I can’t believe it’s finally done! And I’m not just talking about the three years it took to finish building the newest — and might I add, very striking — edifice now added proudly to Downtown LA’s expansive Civic Center. Yes, the new shiny and environmentally-friendly US Courthouse is officially complete with the first federal judges planning to move in by early November. But it took a lot longer than three years to get to this point as the federal building was proposed all the way back in 2001. You might remember that this 3.6 acre lot that the new courthouse sits on was once nothing more than an abandoned dirt lot that was not only a huge embarrassing eyesore to Los Angeles’s name but was also a significant reason why the Civic Center was, and still is to a certain degree, severely disjointed (there are other reasons why the Civic Center lacks coherency that you can read about here).
Yesterday, I joined a group of other media outlets for a special tour of the US Courthouse (today is the actual grand opening with a ribbon cutting ceremony). After passing through airport-like security (yes you’ll have to take your shoes off), it was amazing to walk into the grand entryway and see the towering atrium above illuminated by natural light and lined with a total of 24 courtrooms and 32 judicial chambers. Last year in September, I also had a chance to get a hard hat tour of the courthouse, so it was extra interesting for me to compare and contrast what it was like before when the building was still under construction versus walking through the completed building now. Check out my hard hat tour from last year here and see the difference for yourself.
The tour group was led by both the US General Services Administration (GSA) and the building’s architects from SOM who introduced to us the environmentally friendly features of the courthouse. The more obvious feature of the soaring central light-well, that spans from the top of the building 220 feet above all the way to the lobby floor, provides ample natural lighting that reduces electricity consumption. This is in addition to the 1,672 serrated window panels that wrap around the building in a north-south orientation that not only maximize daylight but also reduce solar heat by 47 percent according to architect Craig Hartman from SOM. With 525,000 annual kWh generated from rooftop solar panels and a 105,000 gallon underground rainwater cistern used for irrigating the drought tolerant landscaping, it’s not hard to see why we were told the building is on track to achieve LEED Platium certification.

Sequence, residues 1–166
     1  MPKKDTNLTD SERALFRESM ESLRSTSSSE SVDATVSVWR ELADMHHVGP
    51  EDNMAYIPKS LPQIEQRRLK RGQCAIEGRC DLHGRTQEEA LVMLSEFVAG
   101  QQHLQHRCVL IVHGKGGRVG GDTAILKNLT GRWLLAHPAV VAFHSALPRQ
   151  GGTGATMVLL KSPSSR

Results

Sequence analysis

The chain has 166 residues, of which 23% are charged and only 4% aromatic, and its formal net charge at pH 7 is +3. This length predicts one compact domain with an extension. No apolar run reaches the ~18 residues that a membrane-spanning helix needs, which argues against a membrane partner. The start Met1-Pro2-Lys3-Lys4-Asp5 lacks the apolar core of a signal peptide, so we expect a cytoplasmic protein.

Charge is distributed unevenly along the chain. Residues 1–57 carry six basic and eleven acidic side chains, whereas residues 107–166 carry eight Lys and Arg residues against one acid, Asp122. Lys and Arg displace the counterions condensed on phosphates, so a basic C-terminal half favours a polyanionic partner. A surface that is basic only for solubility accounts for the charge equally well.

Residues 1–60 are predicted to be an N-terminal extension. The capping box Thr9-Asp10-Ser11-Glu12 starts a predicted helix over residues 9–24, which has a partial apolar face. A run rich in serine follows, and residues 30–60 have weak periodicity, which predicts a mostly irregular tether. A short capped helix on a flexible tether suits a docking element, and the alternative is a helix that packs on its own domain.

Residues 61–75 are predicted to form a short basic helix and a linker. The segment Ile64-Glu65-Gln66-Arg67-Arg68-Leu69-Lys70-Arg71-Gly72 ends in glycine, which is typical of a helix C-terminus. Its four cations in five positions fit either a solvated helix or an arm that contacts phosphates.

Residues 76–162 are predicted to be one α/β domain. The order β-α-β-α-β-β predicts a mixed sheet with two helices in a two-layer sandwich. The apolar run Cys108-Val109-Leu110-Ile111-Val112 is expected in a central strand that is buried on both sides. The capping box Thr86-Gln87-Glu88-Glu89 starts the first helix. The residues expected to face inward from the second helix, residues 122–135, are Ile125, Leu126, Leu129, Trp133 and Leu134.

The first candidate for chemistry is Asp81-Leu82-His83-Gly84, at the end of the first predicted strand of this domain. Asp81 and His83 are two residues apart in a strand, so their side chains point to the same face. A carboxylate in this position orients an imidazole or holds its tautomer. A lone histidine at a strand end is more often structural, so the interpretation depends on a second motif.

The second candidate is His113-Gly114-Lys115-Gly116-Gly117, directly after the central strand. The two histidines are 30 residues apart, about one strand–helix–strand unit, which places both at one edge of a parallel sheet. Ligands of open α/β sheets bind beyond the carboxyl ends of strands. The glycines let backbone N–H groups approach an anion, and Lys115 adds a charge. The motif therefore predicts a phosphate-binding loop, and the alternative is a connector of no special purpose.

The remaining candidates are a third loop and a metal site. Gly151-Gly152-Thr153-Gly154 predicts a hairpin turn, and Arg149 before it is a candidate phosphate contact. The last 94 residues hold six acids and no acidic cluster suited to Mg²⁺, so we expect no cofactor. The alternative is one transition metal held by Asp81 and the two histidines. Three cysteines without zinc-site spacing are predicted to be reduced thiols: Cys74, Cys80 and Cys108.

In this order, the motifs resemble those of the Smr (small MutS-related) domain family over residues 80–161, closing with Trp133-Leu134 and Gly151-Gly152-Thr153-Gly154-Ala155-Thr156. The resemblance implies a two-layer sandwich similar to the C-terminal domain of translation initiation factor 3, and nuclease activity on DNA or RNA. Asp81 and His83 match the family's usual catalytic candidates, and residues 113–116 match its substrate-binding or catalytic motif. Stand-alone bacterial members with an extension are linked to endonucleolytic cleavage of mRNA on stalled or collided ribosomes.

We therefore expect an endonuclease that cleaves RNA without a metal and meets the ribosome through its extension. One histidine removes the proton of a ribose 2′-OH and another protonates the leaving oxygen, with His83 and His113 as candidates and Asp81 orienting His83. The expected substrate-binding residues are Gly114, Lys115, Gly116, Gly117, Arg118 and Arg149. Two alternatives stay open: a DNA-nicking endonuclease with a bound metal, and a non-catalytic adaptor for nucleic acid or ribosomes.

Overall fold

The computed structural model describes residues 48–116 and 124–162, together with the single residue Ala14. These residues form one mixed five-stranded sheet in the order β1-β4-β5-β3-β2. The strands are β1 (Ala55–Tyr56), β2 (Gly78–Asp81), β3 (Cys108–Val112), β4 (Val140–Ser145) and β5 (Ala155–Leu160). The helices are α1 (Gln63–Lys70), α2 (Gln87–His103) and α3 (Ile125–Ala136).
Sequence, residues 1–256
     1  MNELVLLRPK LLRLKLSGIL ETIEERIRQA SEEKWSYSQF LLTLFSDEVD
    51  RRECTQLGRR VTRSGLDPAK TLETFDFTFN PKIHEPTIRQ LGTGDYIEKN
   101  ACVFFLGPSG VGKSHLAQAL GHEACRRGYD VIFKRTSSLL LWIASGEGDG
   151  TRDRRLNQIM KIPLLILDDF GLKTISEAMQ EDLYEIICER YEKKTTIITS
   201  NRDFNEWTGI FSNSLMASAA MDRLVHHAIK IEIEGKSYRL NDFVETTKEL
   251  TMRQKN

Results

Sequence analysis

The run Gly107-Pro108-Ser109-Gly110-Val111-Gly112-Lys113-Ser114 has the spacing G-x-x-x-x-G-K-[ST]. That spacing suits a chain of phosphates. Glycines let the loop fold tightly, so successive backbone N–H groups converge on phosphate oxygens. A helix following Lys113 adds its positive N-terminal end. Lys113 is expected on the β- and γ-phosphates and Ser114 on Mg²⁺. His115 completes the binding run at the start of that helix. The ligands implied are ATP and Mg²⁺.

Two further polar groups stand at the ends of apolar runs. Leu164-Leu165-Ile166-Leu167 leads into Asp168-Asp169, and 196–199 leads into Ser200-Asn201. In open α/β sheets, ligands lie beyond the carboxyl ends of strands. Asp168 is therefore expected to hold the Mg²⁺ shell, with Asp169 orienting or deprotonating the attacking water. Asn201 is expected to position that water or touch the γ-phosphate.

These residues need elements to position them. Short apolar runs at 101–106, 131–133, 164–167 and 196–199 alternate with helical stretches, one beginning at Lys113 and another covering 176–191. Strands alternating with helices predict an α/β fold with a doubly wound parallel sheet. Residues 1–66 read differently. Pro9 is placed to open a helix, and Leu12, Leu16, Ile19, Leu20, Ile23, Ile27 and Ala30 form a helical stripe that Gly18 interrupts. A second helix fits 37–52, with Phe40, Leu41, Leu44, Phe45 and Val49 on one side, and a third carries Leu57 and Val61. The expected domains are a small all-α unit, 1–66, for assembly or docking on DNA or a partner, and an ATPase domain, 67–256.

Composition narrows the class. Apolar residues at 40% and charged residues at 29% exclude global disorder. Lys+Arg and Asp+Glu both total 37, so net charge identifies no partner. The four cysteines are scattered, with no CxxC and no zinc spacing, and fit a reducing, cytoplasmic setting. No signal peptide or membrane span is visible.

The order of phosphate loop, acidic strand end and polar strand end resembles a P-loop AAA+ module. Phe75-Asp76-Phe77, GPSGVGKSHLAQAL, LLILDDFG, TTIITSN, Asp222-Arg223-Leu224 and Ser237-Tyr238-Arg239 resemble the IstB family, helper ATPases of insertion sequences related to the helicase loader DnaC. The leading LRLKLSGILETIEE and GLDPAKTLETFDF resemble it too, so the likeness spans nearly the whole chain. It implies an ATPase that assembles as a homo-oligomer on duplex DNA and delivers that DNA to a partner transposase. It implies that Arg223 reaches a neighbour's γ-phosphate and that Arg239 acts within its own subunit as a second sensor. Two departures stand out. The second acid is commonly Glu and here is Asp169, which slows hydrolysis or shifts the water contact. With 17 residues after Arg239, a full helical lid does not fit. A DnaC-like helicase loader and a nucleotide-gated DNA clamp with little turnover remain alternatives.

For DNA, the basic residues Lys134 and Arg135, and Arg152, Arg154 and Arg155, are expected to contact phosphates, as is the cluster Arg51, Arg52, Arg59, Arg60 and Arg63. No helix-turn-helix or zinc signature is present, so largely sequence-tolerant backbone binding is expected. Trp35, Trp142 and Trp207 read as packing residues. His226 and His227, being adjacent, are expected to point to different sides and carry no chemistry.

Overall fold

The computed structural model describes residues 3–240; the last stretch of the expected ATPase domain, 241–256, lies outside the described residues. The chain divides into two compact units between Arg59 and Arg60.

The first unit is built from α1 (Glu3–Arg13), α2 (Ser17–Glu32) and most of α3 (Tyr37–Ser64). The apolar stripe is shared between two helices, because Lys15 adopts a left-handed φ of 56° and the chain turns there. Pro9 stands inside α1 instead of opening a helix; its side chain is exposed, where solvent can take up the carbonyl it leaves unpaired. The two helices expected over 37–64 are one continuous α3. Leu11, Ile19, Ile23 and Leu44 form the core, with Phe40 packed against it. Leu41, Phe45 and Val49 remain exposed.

Now that the US Courthouse is completed, it was very interesting for me to stand and observe pedestrians walking by the structure with quite a few I saw pausing for a moment to stare at the glassy architecture. With the steep grade change along First Street, it gave SOM a reason to include in the design a series of grand civic staircases that give the otherwise mundane slope a more dynamic and visually compelling feature to interact with. Strategically, the courthouse will continue to play a central role within the growing transit world of Los Angeles as it is flanked by the Civic Center subway station at First and Hill and the future Regional Connector subway station at Second and Broadway that will open in 2021.
Civic Center looking up…